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Aliases MMP15, MT2-MMP, MTMMP2, SMCP-2, MMP-15, MT2MMP, matrix metallopeptidase 15
External IDs MGI: 109320 HomoloGene: 20549 GeneCards: MMP15
Species Human Mouse
RefSeq (mRNA)



RefSeq (protein)



Location (UCSC) Chr 16: 58.03 – 58.05 Mb Chr 8: 95.35 – 95.38 Mb
PubMed search [1] [2]
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Matrix metalloproteinase 15 also known as MMP15 is an enzyme that in humans is encoded by the MMP15 gene.[3][4]


Proteins of the matrix metalloproteinase (MMP) family are involved in the breakdown of extracellular matrix in normal physiological processes, such as embryonic development, reproduction, and tissue remodeling, as well as in disease processes, such as arthritis and metastasis. Most MMP's are secreted as inactive proenzymes which are activated when cleaved by extracellular proteinases. However, the protein encoded by this gene is a member of the membrane-type MMP (MT-MMP) subfamily; members of this subfamily can be anchored to the extracellular membrane by either a transmembrane domain or glycophosphatidylinositol linkage, suggesting that these proteins are expressed at the cell surface rather than secreted in a soluble form.[5]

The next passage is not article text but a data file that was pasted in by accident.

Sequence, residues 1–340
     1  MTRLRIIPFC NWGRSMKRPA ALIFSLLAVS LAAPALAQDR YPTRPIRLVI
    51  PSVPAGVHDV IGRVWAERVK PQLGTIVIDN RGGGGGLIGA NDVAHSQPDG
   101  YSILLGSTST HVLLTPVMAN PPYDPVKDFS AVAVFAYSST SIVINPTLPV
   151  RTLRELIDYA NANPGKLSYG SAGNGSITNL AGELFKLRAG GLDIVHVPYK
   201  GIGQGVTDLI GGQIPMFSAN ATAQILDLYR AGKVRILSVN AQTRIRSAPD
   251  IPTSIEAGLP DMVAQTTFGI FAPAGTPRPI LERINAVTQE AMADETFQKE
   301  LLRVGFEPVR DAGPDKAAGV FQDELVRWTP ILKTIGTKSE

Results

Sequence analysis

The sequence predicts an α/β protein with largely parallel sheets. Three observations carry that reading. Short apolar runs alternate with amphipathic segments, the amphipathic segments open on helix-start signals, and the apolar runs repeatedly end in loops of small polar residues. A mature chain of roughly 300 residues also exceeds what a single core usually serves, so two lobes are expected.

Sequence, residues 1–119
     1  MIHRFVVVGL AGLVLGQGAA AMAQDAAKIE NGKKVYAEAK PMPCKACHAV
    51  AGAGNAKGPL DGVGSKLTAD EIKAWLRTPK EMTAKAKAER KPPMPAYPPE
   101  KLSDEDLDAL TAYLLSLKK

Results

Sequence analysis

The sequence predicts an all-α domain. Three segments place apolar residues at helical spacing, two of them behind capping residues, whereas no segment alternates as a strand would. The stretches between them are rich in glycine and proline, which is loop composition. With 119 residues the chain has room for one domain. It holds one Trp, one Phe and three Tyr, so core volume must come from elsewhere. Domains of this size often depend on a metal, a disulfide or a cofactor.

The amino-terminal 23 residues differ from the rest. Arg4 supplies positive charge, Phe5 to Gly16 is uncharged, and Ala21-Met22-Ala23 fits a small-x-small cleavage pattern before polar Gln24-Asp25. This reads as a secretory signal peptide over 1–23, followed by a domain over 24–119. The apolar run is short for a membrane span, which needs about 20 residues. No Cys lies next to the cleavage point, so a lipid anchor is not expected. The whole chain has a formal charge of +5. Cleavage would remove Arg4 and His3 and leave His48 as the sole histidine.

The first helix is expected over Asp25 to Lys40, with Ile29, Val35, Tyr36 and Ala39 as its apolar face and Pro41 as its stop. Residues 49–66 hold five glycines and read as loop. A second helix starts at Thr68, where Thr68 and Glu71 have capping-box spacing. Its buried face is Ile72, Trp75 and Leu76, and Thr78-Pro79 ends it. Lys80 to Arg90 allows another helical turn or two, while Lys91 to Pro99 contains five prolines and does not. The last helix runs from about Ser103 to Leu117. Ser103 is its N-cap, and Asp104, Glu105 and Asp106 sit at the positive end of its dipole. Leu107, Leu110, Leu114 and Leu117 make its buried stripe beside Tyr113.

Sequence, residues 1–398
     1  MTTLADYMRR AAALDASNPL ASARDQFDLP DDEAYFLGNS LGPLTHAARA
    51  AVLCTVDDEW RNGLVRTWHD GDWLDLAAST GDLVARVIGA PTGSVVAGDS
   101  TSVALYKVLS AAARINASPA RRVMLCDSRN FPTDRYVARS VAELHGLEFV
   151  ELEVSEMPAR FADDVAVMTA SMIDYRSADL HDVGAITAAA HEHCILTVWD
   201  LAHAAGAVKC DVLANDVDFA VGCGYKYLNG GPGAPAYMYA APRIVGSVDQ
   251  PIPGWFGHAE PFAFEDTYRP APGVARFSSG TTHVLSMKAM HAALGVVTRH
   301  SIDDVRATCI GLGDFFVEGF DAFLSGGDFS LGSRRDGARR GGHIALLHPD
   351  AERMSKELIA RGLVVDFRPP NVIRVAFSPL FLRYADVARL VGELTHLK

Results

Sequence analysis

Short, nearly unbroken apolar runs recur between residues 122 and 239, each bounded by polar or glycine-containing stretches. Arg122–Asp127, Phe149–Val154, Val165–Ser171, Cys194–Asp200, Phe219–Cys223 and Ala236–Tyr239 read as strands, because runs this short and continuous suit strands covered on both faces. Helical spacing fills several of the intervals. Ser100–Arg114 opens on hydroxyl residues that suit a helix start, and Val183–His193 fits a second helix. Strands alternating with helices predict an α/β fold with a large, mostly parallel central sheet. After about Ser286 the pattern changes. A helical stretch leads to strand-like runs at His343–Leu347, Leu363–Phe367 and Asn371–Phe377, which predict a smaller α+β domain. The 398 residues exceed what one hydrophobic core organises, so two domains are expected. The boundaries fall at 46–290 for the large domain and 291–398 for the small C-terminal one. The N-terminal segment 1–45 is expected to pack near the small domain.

1. ^ "Human PubMed Reference:". 
  2. ^ "Mouse PubMed Reference:". 
  3. ^ Sato H, Tanaka M, Takino T, Inoue M, Seiki M (February 1997). "Assignment of the human genes for membrane-type-1, -2, and -3 matrix metalloproteinases (MMP14, MMP15, and MMP16) to 14q12.2, 16q12.2-q21, and 8q21, respectively, by in situ hybridization". Genomics. 39 (3): 412–3. doi:10.1006/geno.1996.4496. PMID 9119382. 
  4. ^ Mattei MG, Roeckel N, Olsen BR, Apte SS (February 1997). "Genes of the membrane-type matrix metalloproteinase (MT-MMP) gene family, MMP14, MMP15, and MMP16, localize to human chromosomes 14, 16, and 8, respectively". Genomics. 40 (1): 168–9. doi:10.1006/geno.1996.4559. PMID 9070935. 
  5. ^ "Entrez Gene: MMP15". 

Further reading[edit]

External links[edit]

  • The MEROPS online database for peptidases and their inhibitors: M10.015

This article incorporates text from the United States National Library of Medicine, which is in the public domain.